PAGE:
Securing the Assets in Stolen asset recovery Initive.
Posted on September 25th, 2022

A Guide for Practitioners Courtesy Worldbank Group

5.1 Introductory Remarks
Efforts toward asset confiscation are of little value if, at the end of the day, no asset is available for confiscation. Stolen assets may be hidden or moved out of reach in a short period, while investigation and confiscation proceedings may take years, often giving the target ample time to move or dissipate assets. Therefore, it is critical that measures be taken to secure the assets that may become subject to a confiscation judgment. These measures, referred to as provisional measures,” include the seizure and restraint of assets and should be taken as close to the beginning of the case as possible to secure the
assets, where feasible, and until the conclusion of the confiscation proceedings.1
Under the United Nations Convention against Corruption (UNCAC), article 54 (2),states parties are required to take the necessary measures to permit the freezing or seizing of assets based upon either a court’s (or other competent authority’s) order or arequest that provides a reasonable basis for the requested state party to believe thatthere are sufficient grounds for taking such actions and that the property wouldeventually be subject to an order of confiscation.” States are also required to consider
measures to preserve property for confiscation based on a lower threshold, such as onthe basis of a foreign arrest or criminal charge related to the acquisition of such property.In most jurisdictions, the laws governing provisional measures involve the balancing of two opposing principles: On one hand, the public interest requires that suspected proceeds and instrumentalities of crime be preserved and maintained until the end of the confiscation case (as discussed in box 5.3, on Switzerland’s constitutional power to freeze assets to protect its national interests).2 On the other hand, individuals’ right to
enjoy the own

5.2 Terminology: Seizure and Restraint
In both common and civil law jurisdictions, two distinct mechanisms have been developed to control and preserve assets that may be subject to confiscation: seizure and restraint.

Seizure means taking physical possession of the targeted asset. Although a prior court order or authorization from prosecutors or investigative judges might generally be required, some jurisdictions grant law enforcement officers the right to seize assets. For example, bulk cash or other assets reasonably suspected or believed” to be the proceeds or instrumentalities of a crime may be seized, in exigent circumstances, without a prior court order. Such powers are particularly useful for seizing suspicious cash that is transported across international boundaries in contravention of cash import or export reporting laws.
A restraint order is a form of mandatory injunction issued by a judge or a court that restrains any person from dealing with or disposing of the assets mentioned in the order, pending the determination of confiscation proceedings. Unlike seizure orders,restraint orders do not result in the physical possession of the asset. Judicial authorization is usually required, although some jurisdictions permit restraint to be ordered by prosecutors or other authorities.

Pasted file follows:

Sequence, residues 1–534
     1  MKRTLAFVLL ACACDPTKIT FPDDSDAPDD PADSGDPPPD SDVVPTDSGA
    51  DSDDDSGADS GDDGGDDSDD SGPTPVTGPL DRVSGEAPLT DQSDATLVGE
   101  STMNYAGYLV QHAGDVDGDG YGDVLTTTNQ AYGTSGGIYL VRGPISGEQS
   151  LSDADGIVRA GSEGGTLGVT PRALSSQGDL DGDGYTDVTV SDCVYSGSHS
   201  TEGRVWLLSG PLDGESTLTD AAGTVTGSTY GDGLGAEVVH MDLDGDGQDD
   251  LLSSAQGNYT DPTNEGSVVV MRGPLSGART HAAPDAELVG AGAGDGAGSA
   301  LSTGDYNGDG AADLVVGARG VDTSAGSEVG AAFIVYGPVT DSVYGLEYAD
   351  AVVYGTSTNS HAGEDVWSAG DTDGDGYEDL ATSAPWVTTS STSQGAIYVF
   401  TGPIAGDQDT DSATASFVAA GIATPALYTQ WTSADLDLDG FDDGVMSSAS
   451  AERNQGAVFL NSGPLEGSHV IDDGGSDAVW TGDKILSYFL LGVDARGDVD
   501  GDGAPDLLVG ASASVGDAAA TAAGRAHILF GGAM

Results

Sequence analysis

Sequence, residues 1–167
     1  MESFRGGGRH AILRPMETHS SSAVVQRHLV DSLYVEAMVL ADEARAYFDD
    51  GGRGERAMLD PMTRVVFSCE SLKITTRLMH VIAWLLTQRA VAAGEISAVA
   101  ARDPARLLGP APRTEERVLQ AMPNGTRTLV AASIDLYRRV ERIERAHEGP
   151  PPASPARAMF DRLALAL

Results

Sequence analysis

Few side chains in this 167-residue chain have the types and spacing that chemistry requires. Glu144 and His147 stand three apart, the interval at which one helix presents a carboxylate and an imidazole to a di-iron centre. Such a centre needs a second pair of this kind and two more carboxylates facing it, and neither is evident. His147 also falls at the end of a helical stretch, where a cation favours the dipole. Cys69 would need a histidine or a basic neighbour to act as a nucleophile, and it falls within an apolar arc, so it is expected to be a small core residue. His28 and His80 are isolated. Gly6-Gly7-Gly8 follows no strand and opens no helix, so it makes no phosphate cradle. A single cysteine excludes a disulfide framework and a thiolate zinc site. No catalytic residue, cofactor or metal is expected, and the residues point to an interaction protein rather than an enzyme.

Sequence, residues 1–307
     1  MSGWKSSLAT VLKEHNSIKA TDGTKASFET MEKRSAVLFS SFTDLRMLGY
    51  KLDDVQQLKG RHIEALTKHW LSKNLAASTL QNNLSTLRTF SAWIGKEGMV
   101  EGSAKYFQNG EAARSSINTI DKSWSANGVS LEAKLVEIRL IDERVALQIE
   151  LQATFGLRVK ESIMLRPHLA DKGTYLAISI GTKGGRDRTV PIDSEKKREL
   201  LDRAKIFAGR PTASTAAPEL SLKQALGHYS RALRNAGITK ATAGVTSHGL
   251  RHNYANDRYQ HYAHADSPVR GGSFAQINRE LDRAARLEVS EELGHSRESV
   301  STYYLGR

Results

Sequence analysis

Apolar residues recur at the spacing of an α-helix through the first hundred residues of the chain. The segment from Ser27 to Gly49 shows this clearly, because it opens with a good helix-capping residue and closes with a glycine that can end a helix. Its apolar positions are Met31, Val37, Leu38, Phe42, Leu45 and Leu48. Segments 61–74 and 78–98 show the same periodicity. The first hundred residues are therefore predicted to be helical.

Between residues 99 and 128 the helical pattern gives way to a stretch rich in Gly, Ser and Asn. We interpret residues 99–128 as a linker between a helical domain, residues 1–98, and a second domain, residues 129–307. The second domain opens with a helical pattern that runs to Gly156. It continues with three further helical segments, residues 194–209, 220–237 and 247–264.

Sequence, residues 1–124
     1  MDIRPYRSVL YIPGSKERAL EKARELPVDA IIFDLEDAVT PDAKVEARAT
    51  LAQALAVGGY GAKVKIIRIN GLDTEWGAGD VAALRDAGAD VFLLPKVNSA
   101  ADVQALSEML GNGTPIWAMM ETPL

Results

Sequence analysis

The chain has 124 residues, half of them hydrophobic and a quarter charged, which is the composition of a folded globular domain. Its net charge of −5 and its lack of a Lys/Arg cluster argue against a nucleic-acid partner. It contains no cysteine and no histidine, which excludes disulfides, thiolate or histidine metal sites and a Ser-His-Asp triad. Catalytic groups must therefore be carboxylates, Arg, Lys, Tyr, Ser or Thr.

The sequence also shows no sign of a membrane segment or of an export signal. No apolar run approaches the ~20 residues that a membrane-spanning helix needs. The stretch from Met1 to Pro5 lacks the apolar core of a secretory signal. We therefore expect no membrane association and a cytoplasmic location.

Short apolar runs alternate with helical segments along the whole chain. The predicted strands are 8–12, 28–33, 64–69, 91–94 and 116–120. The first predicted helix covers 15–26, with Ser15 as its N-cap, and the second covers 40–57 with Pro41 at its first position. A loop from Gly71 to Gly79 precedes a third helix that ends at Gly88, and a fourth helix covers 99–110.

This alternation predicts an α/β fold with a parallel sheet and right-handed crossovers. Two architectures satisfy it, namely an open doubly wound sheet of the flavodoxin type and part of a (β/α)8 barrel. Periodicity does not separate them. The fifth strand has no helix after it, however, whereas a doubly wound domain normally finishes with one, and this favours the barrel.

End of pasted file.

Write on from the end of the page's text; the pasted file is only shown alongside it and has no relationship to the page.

The terminology for seizure and restraint of assets may vary among jurisdictions. For example, one jurisdiction may seize” bank accounts, whereas another may restrain” them. Other jurisdictions have introduced other terms, such as freezing” or blocking.”Practitioners should be aware of the distinction between the terms when sending or receiving an order involving another jurisdiction and should ensure that requests use terminology that can be understood. Hence, it may be a good idea to describe the purpose of the order instead of simply using the name of the order to be requested, because the terminology may confuse the recipient authorities. (For additional information on drafting requests for mutual legal assistance [MLA], see chapter 9, section 9.2.)

5.3 Provisional Order Requirements
In most jurisdictions, provisional measures typically require a judicial authorization by a judge or investigating magistrate. Many jurisdictions also allow for emergency or short-term provisional measures to be implemented administratively, through either the financial intelligence unit (FIU), law enforcement agency, or other authority under law. (For a discussion of emergency provisional measures, see chapter 8, section 8.5.4 and chapter 9, section 9.2.6.) Jurisdictions may also have varying evidentiary and procedural requirements for obtaining provisional orders.

5.3.1 Evidentiary Requirements
The requirements for obtaining a seizure or restraint order usually involve the following (for seizure orders, see also chapter 3, section 3.4.8):
• Either (a) a target is suspected of having committed an offense from which a benefit has been derived (value-based confiscation), or (b) the assets being sought are linked to criminal activities (property-based confiscation). (See chapter 7 for adiscussion of property-based and value-based confiscation.)
• Proceedings have been instituted or are about to be instituted.
In some jurisdictions, criminal proceedings will allow the seizure of substitute assets that can be
seized or frozen if the proceeds of the crime were previously spent. In nonconviction based (NCB) confiscation proceedings, however, there is often a requirement that the assets be directly traced back to the crime.